As the on-demand economy grows, people increasingly rent things just when they need them, with services like TaskRabbit, Uber, Airbnb, and RideShare. Urban bicycle rental services are an important part of the trend, and they’re burgeoning. When I was in Austin, Texas recently, I discovered that the one there is impressively well run.
I was in Austin taking in a conference, Freescale Semiconductor ‘s last annual shindig before it merges with NXP. By the third evening of semiconductor industry camaraderie, though, I needed a bit of a break. So I wandered down to the waterfront Austin has done amazing things with its waterfront. For years construction and detours obscured the work, but finally it’s all done. Now a network of trails on both sides of the river is hooked up by bike and pedestrian bridges, and it’s easy to enter.
So I took the scenic route along the water to Rainey Street, an “old” (for Texas) residential area near downtown that was rezoned for business and then developed into an entertainment district — a jumble of eateries, bars, and apartments. At the city end, restaurants line one side of the street as far as the eye can see, many with outdoor seating. At the lake end (they call the Colorado River a lake for some reason; and, no, not that Colorado River; Texans have their own), the street ends abruptly in some hedges. That’s where I found the bike depot.
I am a lifelong cyclist, and my feet were tired from all the walking. I’ve rented bikes from California to Cambridge, MA, and city bike programs are taking off all over. It’s a great way to travel, even, or especially, for guys in their 60s like me. I use a bike for three things: exercise, exploration, and local transport.
Like others, Austin B-Cycle’s fee system encourages short-term rental. What makes this program special is the details. It integrates just the right cyber and physical elements to deliver a glass-smooth experience. Grabbing this pedal-driven local transport, even spontaneously, is simple for anyone. And the bikes are available anytime at unattended depots all over the city. Each one has a touchscreen kiosk with a credit-card reader. A big-button choice or two (including the number of the dock holding your bike) sets the specified light to blinking, and you unrack your bike. Just like that.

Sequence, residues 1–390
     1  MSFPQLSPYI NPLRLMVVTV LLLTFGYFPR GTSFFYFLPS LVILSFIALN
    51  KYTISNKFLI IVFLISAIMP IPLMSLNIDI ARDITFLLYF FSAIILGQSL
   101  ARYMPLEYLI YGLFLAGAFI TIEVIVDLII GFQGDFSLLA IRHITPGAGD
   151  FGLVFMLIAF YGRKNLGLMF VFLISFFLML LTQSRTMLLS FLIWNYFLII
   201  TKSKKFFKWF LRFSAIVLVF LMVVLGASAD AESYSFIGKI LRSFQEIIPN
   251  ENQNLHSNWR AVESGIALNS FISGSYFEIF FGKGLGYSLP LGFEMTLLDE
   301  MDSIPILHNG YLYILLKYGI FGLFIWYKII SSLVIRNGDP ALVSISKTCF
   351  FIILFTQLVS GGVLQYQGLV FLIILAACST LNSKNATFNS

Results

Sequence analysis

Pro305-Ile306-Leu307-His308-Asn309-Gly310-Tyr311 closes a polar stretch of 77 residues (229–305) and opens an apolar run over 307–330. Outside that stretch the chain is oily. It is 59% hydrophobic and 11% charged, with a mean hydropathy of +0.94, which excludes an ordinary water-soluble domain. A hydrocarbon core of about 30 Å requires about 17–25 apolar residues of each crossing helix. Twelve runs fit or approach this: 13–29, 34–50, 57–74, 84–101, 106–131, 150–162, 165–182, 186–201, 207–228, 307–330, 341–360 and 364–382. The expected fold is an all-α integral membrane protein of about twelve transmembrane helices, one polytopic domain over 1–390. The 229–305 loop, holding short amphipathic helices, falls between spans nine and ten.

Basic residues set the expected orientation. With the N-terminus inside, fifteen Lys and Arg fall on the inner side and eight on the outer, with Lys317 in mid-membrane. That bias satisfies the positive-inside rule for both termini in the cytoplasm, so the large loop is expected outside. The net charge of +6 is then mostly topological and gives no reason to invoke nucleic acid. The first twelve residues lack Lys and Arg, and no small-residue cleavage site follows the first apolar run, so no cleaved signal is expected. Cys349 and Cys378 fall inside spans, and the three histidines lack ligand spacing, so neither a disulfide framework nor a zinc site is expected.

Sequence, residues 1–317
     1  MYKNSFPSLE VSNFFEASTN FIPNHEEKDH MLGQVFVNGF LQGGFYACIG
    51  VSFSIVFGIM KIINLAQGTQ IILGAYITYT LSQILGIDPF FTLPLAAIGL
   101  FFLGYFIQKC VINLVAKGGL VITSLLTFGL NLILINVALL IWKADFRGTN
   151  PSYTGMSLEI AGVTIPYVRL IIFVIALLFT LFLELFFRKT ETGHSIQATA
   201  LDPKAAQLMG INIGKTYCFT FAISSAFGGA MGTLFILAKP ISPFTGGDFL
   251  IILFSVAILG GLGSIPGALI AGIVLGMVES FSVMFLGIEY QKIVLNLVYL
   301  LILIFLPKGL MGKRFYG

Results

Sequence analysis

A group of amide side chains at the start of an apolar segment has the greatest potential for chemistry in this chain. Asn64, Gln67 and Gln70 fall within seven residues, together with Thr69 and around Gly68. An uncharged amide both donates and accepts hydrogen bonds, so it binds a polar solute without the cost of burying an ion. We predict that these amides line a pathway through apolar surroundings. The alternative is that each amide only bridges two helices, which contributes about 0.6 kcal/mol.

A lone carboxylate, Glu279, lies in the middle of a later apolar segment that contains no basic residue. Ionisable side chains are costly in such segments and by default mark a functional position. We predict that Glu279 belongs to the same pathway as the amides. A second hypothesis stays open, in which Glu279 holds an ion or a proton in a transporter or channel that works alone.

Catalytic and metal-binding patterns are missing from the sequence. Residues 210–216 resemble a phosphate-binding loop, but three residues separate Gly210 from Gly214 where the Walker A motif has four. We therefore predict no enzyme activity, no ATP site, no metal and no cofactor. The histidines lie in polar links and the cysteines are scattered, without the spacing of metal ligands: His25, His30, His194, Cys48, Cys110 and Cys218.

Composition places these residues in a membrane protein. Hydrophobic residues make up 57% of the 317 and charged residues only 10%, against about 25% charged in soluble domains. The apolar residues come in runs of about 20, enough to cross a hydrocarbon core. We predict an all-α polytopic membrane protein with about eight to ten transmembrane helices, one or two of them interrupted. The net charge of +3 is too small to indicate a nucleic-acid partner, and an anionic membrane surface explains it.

The bikes are solid. No racers here. With three gears, pedal-driven lights, reflectors for safety, splash and chain guards, and an adjustable seat, they are served up with a healthy portion of Texas snark (on a sign under “Riding Tips” it reads “Texas doesn’t require helmets for adults 18 years or older, but studies show the head is an important part of the human body.”). The lights just turn on when you pedal, whether you need them or not. The powerful LED is both energy sipping and lightweight. The drag on the wheels is minimal.
The lock on the bike is a coiled cable type (with plenty of cable) embedded in a metal block, welded to the bike so you can’t walk off with it. The key stays in the lock until it’s locked, at which point you pull it out. So the key is in either the lock or your pocket. You’re motivated to not lose the key because you’re being billed $4 for every half hour for the time the bike is not re-racked.
One reason Austin B-Cycle stands out from its peers in other cities is Elliott McFadden, a frame builder who ran a company called Violet Crown Cycles until he took up the city program’s executive directorship of in 2013. Austin B-Cycle’s bikes are modeled after Dutch city bikes, which are both stylish and practical, and the technology decisions, including the Web site and kiosks, reflect this simple, elegant approach.
The software that runs the program comes from B-Cycle, a bike-share company that was spun out of Trek Bicycles, which builds them (including the ones in the Austin program). B-Cycle has programs in 27 cities, four in Texas. One of the benefits of national coverage is that someone enrolled in one program can use bikes from another. The bikes have passive GPS for tracking, and virtual kiosks allow bikes to be checked in at temporary stations set up, for example, for an event. A mobile app for both Apple and Android devices allows users to find bikes and open docks on the fly and receive text alerts (e.g., “You are about to hit the edge of your free rental period!”). The bikes themselves collect route and distance data, which program operators use for capacity planning.
McFadden is particularly proud of how he has been able to use these capabilities to position bikes for large festivals like SXSW and the Austin City Limits Music Festival. He setS up temporary depots with hundreds of bikes to accommodate one-way movement to and from a location at the beginning and end of an event.
That evening, I snagged a bike and pedaled along the darkened trail and then a few streets back to the Freescale evening event, a concert at Austin City Limits. There was a drop-off depot right beside the venue. Easy-peasy.